It may not look good to you (I’m used to it), but it is good for you. You don’t have to eat it like this anyway: this mixture can be mixed with hoummous and served on oatcackes, you can mix it with ricotta as a filling for canelloni or vegetarian lasagna or whatever crosses your mind.

So, Ingredients:

Spinach, obviously. As much as you want




Olive Oil



Wash the spinach, place it in a colander, in the sink and pour boiling water over it. If the spinach is a bit tougher you may want to place it in a metal/glass/wooden/ceramic (NOT PLASTIC) bowl and soak it in boiling water. Once it is softer, drain it really well and place it in a food processor. (If you do not have a food processor you can use a knife and chop the spinach until it becomes a like paste.)

Add salt, pepper, oilve oil and lemon to taste and blend again. Transfer into a bowl and it is ready. You can mix it with yoghurt for a creamier composition.

Usually at home, I get a different texture than the one I get here because spinach in the Old Country is better then the one in Scotland. hihihi

What to do when Tesco runs out of Houmous

If you live in St Andrews and you like houmous/hummus (that gorgeous chickpea paste), it may have happened to you more than once to be left without this student staple food. It is not an uncommon phenomenon for Tesco to run out of houmous. If you are really lucky, you may still be able to find canned chickpeas. If you are not that lucky well…come again another day or adventure yourself all the way to Aldi or Morrisons.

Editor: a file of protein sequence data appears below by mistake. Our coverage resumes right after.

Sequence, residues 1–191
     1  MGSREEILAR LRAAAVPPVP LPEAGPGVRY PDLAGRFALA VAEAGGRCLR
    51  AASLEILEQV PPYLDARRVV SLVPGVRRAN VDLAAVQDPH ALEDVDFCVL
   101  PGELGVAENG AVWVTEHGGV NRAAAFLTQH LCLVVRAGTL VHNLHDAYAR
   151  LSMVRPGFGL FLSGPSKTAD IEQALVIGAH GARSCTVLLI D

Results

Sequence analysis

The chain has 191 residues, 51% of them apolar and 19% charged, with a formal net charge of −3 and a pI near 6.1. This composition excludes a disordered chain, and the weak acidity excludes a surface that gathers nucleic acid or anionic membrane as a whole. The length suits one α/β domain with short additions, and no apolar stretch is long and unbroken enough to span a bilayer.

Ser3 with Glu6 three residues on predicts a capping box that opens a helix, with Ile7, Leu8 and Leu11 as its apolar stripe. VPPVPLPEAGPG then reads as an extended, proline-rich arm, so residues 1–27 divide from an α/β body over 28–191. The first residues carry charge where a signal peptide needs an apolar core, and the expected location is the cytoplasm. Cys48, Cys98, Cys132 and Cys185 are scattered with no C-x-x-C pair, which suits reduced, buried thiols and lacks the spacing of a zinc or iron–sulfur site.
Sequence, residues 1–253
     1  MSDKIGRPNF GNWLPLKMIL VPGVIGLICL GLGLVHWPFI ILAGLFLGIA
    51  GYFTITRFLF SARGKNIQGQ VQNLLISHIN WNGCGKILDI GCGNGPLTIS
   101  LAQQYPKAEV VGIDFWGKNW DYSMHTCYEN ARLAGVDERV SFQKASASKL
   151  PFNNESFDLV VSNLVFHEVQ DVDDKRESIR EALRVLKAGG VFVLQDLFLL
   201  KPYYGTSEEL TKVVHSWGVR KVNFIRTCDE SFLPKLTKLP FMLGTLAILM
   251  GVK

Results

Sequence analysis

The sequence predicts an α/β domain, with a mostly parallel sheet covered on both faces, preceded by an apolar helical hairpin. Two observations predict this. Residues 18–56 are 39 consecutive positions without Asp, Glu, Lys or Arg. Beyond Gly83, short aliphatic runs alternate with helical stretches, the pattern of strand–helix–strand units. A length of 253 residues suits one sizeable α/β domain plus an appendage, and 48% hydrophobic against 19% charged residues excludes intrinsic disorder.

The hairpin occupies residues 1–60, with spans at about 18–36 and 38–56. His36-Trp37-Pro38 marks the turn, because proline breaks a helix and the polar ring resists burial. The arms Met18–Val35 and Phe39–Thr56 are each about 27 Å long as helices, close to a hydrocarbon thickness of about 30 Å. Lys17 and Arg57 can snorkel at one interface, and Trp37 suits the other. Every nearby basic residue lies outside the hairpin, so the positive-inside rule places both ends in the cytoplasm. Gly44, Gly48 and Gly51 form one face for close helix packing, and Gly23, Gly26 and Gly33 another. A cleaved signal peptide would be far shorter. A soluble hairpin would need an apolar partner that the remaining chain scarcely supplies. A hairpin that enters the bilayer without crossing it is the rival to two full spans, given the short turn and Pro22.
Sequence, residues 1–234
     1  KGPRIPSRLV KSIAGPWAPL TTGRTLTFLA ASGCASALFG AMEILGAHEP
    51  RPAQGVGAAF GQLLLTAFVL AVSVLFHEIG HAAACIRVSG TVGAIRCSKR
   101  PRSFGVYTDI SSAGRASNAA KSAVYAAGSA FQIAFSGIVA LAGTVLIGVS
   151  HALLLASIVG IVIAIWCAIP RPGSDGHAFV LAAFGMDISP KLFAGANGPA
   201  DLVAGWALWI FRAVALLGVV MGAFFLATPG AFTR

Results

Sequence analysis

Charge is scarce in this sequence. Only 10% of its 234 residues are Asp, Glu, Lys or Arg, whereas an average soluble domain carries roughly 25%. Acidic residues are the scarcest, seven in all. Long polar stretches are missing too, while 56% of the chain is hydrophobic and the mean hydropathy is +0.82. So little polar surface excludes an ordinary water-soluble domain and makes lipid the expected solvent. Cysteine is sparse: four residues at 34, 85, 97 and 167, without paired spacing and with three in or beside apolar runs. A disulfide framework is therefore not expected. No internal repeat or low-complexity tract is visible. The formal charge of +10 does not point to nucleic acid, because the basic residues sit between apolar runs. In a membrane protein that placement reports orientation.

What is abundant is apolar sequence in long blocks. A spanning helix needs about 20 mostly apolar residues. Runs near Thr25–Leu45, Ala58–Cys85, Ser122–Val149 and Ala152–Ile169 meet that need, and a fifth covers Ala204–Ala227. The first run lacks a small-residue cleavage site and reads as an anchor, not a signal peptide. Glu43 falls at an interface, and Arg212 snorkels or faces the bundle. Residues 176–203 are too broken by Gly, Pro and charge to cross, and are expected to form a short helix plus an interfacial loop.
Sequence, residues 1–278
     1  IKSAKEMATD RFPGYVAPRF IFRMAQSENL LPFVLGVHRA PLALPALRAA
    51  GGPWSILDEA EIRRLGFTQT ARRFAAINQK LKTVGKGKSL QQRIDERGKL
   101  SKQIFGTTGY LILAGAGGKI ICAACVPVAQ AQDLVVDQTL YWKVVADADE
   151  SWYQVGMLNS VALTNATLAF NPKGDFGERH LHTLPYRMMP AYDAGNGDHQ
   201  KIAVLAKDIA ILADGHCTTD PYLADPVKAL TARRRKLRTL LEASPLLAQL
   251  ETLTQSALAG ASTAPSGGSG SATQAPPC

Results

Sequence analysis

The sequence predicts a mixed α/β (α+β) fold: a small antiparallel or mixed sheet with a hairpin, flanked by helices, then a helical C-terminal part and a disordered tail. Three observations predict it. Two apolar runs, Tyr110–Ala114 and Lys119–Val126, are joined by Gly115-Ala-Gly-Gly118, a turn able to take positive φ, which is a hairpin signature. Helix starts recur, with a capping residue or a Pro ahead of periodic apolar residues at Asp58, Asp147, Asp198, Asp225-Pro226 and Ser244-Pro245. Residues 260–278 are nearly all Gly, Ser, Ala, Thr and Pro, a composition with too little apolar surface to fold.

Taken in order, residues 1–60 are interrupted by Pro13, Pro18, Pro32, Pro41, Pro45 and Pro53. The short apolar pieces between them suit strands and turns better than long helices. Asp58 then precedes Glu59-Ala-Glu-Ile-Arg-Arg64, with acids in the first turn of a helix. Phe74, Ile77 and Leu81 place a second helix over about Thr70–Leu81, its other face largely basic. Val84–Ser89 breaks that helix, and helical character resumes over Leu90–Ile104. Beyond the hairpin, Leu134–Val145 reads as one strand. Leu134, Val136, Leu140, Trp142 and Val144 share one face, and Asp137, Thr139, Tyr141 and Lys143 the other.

Or, there is one more option but it may be too much for your time and patience: a pack of dried chickpeas. You can leave these to soak in water over night and then boil them for 2 hours.

This is what to do in case you are lucky enough to get your posh hands on a can of chickpeas:

Homemade Houmous

(recipe inspired by Jamie Oliver and a few years experience in eating houmous)


1 can of chickpeas/cooked chickpeas

juice of 1 lemon

1 full teaspoon tahini (sesame) paste (try Holland&Barret or to support the local shops try the Health Foods Store)

pinch of salt & peppa’

(The above mentioned ingredients are essential to make a real hoummous)

(The below mentioned ingredients are optional and you can try this version or experiment with the spices and things you like)

1 garlic clove, skinned

1 teaspoon olive oil

pinch of cumin

pinch of coriander

dried basil

paprika powder


If you are the happy owner of a blender/food processor then toss the drained chickpeas with some water (not too much) in the blender and blend until somooth. You can mash the chickpeas by hand. However I noticed that this is harder to do with Tesco chickpeas, as they are slightly harder. But maybe they will change the recipe :)

Now add the lemon juice and tahini paste and what you chose from the optional ingredients. Although I highly recommend that you add a teaspoon of olive oil no matter what…it makes the houmous much smoother.

I like to decorate the top with stripes of dried basil and paprika powder. 

Also feel free to try adding some cooked spinach, yoghurt, red chilli or whatever you think would be appropriate. Please send me any suggestions that you may have.